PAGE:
Rubin, Vladimir Il′ich
- Alla Vladimirovna Grigor′yeva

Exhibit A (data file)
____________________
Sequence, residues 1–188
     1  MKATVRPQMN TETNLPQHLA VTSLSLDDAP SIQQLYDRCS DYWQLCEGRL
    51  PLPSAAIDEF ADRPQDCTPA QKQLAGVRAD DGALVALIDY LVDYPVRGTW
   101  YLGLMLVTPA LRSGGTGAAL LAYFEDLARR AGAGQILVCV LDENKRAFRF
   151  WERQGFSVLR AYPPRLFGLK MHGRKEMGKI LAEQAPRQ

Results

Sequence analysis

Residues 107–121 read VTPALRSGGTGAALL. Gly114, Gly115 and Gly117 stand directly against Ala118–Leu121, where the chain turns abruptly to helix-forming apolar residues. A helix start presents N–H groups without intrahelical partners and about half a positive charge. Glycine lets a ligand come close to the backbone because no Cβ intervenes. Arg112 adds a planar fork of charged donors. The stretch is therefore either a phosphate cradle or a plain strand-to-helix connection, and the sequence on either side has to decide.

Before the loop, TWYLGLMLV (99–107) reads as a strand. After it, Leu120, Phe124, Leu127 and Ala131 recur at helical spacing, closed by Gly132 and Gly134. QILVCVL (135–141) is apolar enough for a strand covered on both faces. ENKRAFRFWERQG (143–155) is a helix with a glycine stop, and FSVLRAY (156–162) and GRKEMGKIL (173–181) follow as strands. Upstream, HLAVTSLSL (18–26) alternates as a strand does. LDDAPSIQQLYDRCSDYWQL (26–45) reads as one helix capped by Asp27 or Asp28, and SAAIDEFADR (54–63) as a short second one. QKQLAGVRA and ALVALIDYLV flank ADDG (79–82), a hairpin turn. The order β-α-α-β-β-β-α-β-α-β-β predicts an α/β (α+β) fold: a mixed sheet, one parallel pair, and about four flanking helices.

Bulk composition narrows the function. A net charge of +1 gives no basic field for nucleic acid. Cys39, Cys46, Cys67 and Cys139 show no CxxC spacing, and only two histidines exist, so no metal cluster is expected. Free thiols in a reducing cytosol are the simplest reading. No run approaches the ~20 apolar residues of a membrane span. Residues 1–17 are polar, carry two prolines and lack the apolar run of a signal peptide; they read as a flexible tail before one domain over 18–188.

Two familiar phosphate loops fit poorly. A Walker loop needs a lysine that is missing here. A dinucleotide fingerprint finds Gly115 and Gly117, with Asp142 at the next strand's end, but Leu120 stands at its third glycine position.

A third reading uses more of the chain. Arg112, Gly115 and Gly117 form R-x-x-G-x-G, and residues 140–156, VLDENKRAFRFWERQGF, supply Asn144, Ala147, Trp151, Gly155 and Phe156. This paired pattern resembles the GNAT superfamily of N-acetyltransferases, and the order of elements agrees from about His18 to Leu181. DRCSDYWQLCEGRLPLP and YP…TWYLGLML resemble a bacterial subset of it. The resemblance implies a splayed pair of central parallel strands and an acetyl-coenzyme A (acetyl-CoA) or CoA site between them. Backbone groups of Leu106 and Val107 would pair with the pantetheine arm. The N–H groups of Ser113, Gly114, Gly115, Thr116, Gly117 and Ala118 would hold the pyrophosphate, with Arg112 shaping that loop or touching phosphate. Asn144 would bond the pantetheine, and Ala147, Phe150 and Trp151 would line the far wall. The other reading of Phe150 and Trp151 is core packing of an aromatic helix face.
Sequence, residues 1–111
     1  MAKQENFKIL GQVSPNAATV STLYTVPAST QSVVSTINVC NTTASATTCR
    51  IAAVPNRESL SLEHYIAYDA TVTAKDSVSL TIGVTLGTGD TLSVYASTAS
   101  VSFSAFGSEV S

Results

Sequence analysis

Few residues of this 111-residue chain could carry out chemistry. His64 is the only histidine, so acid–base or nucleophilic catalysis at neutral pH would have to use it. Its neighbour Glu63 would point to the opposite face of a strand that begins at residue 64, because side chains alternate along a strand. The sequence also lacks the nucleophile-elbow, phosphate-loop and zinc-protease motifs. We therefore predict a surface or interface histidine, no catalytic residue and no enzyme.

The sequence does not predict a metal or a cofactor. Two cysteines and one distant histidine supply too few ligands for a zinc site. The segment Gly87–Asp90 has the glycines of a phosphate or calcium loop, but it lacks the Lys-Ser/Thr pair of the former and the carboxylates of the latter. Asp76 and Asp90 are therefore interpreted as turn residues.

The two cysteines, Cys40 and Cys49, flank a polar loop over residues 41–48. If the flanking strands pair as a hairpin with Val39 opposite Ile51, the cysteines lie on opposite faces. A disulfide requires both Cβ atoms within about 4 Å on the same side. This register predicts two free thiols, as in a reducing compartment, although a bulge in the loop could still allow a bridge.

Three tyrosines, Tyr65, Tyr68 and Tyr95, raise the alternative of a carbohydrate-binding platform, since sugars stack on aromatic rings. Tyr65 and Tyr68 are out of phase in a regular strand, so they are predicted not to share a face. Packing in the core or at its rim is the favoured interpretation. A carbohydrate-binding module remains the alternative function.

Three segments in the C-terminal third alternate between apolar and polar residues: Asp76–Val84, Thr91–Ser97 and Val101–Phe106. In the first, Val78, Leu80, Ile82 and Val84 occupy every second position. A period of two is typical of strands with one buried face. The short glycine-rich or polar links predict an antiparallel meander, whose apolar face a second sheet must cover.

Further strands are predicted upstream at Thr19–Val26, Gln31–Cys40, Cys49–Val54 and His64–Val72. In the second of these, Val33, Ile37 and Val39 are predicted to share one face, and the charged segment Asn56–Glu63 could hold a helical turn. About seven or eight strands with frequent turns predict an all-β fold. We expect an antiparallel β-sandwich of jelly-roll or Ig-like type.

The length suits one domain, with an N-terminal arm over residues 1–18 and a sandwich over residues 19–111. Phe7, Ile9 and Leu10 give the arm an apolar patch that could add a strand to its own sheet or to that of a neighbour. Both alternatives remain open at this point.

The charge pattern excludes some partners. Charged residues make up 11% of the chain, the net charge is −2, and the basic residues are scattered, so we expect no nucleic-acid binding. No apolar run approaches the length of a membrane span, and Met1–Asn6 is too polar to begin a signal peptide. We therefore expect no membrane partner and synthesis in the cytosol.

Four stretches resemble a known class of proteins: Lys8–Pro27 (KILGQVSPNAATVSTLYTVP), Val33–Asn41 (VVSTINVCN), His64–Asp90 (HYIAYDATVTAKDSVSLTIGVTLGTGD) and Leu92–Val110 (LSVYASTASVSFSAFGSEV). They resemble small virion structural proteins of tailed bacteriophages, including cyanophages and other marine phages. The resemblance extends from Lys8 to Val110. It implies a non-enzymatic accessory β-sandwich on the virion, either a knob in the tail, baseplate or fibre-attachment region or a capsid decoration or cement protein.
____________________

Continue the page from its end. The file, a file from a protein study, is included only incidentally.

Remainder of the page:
(b Moscow, Aug 5, 1924). Russian composer. He studied with Goldenweiser (piano) and Peyko (composition) at the Moscow Conservatory, graduating in 1949. He then taught at the Gnesin Institute before turning to full-time composition in 1952. He won the Glinka Prize in 1972, was honoured as a People's Artist of Russia in 1995; he has also won awards at competitions in Berlin, Budapest, Helsinki and Warsaw for his choral works. The bulk of his output is vocal, and in his writing he has been influenced by the 19th-century nationalist traditions – the tragic writing of Musorgsky, the epos of Borodin and the fantastic fairy-tale world of Rimsky-Korsakov in particular. His views on eternity, the fate of Russian history as well as moral and aesthetical issues are reflected in works such as the opera Yul′skoye voskreseniye (‘A Sunday in July’) and the oratorio Pesni vetrovïye (‘Songs of the Wind’), while his interest in Russian literature, folk art, and in the renewal of Russian traditions is evident in the comic opera ...